Select Committee on Delegated Powers and Deregulation Thirty-Fifth Report


Countryside and Rights of Way Bill: Amendment 196: vehicular access across common land

Letter to the Clerk from the Department of the Environment, Transport and the Regions

I refer to our telephone discussion earlier today in which I notified you of an amendment creating a new delegated power.

This amendment was originally tabled on or about 30 October and subsequently itself became the subject of a number of non-Government amendments (196A to 196J). Amendment 196 came on for debate last night during the third and final session of Report - see Hansard at column 410 and following.

At column 420 the Minister addressed Amendment 196H moved by the Baroness Byford and the Lord Glentoran. That amendment was designed to make regulations made under the new clause subject to the affirmative resolution procedure.

Unfortunately, some confusion ensued in the Chamber as to whether the new clause had already been considered by the Committee or whether the Committee was yet to report. Unbeknown either to the Minister or officials in attendance, this new delegated power had not been included in the Department's 3rd Supplementary Memorandum submitted to the Committee on 31 October. The Minister's observations in the penultimate paragraph of column 420 need to be understood in this light.

As regards Amendment 196H and the question of the level of Parliamentary scrutiny, I am now able to report that the Government intends to table an amendment so that regulations made under the new clause will be subject to affirmative resolution.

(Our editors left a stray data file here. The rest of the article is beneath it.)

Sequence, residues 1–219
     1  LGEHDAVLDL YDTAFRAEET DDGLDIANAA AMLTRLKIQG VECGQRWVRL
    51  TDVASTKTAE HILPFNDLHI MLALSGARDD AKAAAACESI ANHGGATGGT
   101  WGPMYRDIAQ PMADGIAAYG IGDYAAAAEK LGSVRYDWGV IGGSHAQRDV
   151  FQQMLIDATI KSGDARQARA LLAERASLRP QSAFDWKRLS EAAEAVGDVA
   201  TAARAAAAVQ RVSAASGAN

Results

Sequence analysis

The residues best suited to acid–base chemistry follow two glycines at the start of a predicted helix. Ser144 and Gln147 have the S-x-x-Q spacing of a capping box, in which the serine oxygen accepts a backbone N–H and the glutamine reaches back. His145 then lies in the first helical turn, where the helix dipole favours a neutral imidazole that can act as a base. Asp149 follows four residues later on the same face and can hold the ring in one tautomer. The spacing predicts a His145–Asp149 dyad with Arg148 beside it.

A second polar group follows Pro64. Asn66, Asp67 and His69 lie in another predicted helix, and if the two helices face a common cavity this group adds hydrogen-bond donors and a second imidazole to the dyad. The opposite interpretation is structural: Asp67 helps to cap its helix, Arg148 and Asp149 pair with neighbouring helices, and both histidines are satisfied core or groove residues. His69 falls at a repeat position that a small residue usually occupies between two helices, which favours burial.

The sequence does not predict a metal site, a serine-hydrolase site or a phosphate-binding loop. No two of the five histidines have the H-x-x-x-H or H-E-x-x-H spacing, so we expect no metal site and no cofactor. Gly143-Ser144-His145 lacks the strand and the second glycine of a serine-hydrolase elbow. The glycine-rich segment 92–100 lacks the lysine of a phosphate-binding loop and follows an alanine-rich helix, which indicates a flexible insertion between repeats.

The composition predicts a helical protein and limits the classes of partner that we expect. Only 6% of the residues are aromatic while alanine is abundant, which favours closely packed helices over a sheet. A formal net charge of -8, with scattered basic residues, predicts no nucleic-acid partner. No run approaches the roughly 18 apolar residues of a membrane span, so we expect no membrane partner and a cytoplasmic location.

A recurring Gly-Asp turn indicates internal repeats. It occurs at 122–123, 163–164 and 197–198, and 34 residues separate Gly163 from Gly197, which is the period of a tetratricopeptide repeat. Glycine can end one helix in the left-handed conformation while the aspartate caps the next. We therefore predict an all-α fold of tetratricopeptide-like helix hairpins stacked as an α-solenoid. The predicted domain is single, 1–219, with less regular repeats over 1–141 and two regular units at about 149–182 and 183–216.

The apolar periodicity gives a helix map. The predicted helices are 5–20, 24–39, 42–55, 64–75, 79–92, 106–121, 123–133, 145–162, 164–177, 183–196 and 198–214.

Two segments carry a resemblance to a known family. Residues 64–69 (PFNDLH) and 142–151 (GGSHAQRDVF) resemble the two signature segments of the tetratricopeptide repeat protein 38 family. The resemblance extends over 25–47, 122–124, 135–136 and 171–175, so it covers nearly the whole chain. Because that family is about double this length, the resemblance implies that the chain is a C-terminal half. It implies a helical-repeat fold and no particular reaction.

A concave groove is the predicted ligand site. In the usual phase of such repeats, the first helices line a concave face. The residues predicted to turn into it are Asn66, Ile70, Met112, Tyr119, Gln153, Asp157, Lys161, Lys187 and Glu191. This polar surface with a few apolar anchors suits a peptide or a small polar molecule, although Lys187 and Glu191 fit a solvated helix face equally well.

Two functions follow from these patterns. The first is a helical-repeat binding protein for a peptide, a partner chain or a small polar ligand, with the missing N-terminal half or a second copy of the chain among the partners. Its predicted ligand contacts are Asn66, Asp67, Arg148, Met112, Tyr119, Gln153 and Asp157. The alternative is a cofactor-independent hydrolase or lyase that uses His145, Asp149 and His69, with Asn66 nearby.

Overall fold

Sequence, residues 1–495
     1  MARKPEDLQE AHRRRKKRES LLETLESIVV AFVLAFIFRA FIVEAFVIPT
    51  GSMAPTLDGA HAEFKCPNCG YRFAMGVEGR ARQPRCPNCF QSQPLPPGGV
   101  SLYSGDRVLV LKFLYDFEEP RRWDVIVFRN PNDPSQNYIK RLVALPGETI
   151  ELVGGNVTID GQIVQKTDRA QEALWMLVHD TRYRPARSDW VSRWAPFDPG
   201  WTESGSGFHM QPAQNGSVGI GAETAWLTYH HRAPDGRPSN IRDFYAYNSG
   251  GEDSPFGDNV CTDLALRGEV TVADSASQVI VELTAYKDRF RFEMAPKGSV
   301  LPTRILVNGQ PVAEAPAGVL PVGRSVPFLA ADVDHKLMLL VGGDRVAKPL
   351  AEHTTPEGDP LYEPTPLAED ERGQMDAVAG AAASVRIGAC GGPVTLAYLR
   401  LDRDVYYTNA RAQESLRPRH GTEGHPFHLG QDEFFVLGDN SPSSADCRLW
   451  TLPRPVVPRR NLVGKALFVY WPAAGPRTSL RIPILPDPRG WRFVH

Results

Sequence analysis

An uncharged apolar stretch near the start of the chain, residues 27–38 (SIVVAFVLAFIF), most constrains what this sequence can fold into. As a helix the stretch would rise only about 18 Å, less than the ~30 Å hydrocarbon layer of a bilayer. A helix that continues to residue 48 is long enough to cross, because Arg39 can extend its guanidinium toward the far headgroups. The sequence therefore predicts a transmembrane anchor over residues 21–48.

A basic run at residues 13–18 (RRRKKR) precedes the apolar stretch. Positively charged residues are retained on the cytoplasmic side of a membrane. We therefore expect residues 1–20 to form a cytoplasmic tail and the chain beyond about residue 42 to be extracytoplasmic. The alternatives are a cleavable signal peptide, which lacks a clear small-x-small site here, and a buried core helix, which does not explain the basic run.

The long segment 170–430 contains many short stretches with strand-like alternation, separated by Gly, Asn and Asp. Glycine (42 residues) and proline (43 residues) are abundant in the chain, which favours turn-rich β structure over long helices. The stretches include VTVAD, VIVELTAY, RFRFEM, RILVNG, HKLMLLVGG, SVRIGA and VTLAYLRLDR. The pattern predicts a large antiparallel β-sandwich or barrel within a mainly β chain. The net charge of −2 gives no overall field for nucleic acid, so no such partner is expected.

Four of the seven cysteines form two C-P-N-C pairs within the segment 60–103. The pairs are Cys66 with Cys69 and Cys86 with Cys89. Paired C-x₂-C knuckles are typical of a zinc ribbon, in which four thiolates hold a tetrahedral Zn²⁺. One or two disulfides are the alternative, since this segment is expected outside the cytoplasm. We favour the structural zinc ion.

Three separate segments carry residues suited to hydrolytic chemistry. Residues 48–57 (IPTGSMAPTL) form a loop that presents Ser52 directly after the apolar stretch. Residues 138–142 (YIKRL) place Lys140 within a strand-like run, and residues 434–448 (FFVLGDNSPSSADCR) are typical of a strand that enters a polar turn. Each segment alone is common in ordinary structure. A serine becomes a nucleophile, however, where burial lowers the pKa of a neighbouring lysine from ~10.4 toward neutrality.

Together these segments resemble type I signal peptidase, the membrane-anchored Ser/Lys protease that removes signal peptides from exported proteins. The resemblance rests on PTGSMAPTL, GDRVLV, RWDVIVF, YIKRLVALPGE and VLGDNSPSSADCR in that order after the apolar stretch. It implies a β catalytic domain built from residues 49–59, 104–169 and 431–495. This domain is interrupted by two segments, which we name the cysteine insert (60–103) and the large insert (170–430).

In the meantime, I attach the details of the new power in the usual manner.

Ian Clyde

17 November 2000

Memorandum by the Department of the Environment, Transport and the Regions


1. The purpose of this amendment is to protect property owners who have been driving over a way across common or other land for over 20 years (as a means of access to the property) but who are now faced with an excessive charge from the landowner if they wish to continue so doing. The issue has arisen as a result of a relatively recent ruling confirming that no easement by long use is capable of creation where the use itself constituted a criminal offence. It is an offence to drive vehicles over common land under a number of enactments.

2. Subsection (1) makes the power described below applicable to a way which the owner or occupier (from time to time) of any premises has used as a means of access for vehicles to the premises if the use of that way was an offence under an enactment applicable to the land over which the way passes but would otherwise have been sufficient to create, on of after a date to be prescribed by regulation, an easement giving a right of way for vehicles.